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Microbiome Stress Project’s first publication

Microbial communities are highly sensitive to their environments, which makes studying them under heterogeneous conditions difficult. Environmental perturbations (stressors) generate spatiotemporal heterogeneity in natural systems. While large databases of natural ecosystems exist (e.g. the Earth Microbiome Project or the Human Microbiome Project), there are no databases that catalog microbial ecosystems subjected to applied environmental stress. The Microbiome Stress Project (MSP) was established to build such a database and perform a global meta-analysis of how stressors shape microbial communities. The Gibbons Lab is a member of the MSP consortium.

The MSP consortium established four main objectives for evaluating how microbial communities respond to disturbances: 1) characterize consistent patterns for a single stressor across multiple studies within the same environment; 2) characterize consistent patterns for a single stressor impacts multiple environments; 3) characterize consistent patterns for multiple stressors within the same environment; 4) characterize consistent patterns for all stressors across all environments. In their pilot meta-analysis of nine studies, the researchers found an overall decrease in alpha diversity and an increase in beta diversity in response to stress. They also found many responses that were unique to stressors or environments, but these variable patterns require more data to explore properly. Moving forward, the MSP consortium will focus on incorporating hundreds of applied disturbance data sets into their database, processing each study with a standardized bioinformatic workflow.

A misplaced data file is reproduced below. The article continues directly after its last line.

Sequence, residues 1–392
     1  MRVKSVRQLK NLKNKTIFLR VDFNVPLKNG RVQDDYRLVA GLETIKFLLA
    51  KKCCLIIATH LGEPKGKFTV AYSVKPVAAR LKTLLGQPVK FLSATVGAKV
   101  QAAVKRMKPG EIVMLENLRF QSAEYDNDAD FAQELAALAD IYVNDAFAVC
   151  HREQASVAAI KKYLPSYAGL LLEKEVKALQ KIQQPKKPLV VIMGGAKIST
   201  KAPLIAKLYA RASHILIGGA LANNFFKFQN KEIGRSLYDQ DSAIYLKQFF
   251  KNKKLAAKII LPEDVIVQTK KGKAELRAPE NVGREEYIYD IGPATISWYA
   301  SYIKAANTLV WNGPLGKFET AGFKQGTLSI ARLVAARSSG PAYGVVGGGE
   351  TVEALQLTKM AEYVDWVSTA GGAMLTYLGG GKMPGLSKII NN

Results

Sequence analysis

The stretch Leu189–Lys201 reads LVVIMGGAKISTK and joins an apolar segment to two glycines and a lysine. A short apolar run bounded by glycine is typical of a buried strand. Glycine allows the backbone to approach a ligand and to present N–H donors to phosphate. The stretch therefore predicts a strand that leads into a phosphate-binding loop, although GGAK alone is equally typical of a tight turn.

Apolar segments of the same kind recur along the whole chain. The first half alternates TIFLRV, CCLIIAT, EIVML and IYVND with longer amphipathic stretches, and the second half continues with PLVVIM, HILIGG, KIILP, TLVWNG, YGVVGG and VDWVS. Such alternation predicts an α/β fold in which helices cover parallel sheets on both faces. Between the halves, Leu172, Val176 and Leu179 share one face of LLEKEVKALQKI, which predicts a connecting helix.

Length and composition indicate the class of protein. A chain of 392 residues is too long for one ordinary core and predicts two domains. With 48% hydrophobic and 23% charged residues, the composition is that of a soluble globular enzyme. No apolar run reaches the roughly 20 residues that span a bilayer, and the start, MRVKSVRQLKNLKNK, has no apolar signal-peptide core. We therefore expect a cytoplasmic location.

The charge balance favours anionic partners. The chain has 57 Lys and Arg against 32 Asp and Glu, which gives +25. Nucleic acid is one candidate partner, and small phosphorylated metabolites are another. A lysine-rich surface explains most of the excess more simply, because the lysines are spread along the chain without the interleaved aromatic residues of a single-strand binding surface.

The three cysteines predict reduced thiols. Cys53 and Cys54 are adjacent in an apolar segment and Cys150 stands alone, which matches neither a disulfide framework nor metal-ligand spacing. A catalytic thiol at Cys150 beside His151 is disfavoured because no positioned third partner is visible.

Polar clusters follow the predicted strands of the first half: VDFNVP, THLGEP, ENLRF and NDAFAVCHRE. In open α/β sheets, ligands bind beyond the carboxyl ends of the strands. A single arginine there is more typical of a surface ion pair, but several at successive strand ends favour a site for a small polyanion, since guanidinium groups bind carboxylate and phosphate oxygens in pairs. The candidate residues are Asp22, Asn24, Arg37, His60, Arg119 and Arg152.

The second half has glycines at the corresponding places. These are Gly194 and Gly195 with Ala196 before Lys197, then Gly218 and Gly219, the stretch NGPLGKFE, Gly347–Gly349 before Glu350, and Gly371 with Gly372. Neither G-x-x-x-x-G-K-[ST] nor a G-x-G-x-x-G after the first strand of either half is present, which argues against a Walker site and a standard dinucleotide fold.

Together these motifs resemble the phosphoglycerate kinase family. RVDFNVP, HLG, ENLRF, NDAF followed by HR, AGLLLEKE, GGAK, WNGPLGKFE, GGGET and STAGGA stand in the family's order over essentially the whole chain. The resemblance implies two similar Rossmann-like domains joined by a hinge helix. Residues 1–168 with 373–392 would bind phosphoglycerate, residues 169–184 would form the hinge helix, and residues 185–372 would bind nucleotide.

The MSP database is a resource that will allow researchers to study how applied stressors impact microbial communities from myriad environments. Using these data, ecologists will be able to tackle key questions regarding ecological resistance and resilience.

-written by Conner Hyde

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